## 2. Observations and period analysisAdditional photometry was carried out in December 1993, again in
the
The period search is performed by looking for the best fit of a mathematical model to the observational data. The fitting function is a cosine wave and its first harmonic: where The use of this period-searching algorithm has two advantages. Firstly, Eq. (1) is known to be a very good approximation for most well-studied Ap stars; higher-order harmonics, if at all present, are of small amplitudes (see, e.g., Mathys & Manfroid 1985, Manfroid & Renson 1994). Secondly, the zero-point differences between the Danish and SAT photometric systems are automatically adjusted by the procedure for each trial period. This is of little concern for large data sets with homogeneous phase coverage, where the zero-point shifts can be calculated from simple averages. With only a small observational material at our disposal, it becomes a big asset since the zero points of peculiar stars cannot be accurately estimated from regular standard-star transformations. Because of the 12-year gap separating both sets of observations, an
unambiguous determination of the period proves to be impossible, with
dozens of equally likely candidates spread over a rather broad
interval centered at 8:d6 (see Fig. 1 for the periodogram
relative to the
A few additional measurements of the star have been secured in
September 1993 at the ESO 1 m telescope in a special narrow-band
filter having the same central wavelength as Strömgren
Lifting the remaining ambiguity was made possible by the analysis of the variations of the mean magnetic field modulus (Mathys et al. 1996). 31 magnetic mesurements were secured over two years. The resulting periodogram obtained with the same method as for the photometric data is shown on Fig. 3.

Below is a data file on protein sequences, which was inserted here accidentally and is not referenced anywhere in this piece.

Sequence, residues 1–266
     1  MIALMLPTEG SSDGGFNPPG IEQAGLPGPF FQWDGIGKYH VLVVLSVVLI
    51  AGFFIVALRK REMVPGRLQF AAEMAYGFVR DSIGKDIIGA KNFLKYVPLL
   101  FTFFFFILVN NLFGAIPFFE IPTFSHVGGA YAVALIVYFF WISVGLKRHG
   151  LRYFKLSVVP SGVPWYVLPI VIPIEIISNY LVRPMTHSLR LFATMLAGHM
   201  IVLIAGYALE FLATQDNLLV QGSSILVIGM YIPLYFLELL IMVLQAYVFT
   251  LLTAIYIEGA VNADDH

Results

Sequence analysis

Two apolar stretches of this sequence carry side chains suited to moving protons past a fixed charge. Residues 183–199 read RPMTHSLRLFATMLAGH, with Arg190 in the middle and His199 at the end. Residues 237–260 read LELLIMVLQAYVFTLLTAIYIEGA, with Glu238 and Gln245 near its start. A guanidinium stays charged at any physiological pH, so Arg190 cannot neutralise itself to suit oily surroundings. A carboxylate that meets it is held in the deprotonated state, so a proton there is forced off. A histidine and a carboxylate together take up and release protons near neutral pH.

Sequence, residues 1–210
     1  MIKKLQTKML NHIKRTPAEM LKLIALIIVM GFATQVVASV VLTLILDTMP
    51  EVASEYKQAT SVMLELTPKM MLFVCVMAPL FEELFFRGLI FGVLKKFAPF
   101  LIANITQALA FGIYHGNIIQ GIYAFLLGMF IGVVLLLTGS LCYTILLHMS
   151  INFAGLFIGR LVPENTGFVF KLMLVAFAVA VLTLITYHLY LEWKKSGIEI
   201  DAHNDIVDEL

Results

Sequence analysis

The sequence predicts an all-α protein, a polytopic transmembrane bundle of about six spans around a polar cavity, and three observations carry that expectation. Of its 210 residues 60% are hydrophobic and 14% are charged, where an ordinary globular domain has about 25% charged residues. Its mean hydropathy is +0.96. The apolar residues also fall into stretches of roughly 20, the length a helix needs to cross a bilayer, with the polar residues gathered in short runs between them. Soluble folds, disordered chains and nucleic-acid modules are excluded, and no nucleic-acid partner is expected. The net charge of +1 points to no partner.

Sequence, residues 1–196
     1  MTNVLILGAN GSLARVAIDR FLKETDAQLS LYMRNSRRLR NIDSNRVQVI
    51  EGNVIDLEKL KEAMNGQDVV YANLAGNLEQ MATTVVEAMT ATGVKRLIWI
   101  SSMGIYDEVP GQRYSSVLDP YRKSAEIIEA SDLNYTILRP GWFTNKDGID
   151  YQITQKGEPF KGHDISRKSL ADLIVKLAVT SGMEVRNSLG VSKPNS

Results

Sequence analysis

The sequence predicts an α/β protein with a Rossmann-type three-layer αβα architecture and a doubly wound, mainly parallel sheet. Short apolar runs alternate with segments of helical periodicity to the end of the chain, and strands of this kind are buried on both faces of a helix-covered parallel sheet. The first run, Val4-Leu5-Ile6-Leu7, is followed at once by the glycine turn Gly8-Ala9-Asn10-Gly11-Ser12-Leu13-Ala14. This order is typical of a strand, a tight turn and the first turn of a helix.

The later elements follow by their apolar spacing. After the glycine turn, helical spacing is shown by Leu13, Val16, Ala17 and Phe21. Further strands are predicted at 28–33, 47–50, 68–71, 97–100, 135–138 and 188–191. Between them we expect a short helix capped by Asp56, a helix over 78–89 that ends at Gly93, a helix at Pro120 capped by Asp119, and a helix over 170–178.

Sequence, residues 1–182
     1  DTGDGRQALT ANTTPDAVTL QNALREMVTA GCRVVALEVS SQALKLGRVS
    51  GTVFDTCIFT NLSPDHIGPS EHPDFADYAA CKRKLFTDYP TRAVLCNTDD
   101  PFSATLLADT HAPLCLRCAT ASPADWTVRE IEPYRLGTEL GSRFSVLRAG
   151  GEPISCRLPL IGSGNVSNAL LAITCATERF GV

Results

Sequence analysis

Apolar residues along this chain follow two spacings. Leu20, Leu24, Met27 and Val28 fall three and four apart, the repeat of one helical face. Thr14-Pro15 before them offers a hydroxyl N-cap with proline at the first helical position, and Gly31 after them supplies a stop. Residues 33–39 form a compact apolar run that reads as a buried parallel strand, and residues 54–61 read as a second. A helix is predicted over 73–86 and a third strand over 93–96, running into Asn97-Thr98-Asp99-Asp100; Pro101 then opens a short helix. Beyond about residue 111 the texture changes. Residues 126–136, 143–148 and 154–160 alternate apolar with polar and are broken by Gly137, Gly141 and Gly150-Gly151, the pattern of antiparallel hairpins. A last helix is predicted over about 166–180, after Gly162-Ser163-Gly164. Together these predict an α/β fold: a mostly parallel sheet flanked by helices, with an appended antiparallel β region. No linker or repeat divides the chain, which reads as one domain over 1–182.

By combining the photometric and magnetic results, the most likely period appears to be . The next candidate is which, although less probable, cannot be totally excluded. The
HD 208217 is characterized by strongly anharmonic light
curves. The amplitude of the first harmonic is practically equal to
that of the fundamental wave in each band. A search for higher-order
harmonics hints at a marginally significant second-order wave in the
Although their ratio stays more or less constant, the amplitudes
and change dramatically
with wavelength, with a sharp maximum in the The phase diagram of the mean magnetic field modulus, with a two-wave fit superimposed, is shown on Fig. 5. The coefficients of the fit are given in the last line of Table 1. While the presence of a first harmonic in the magnetic variations is now well established, the observational errors do not allow to conclude on possible higher-order terms.
© European Southern Observatory (ESO) 1997 Online publication: June 30, 1998 |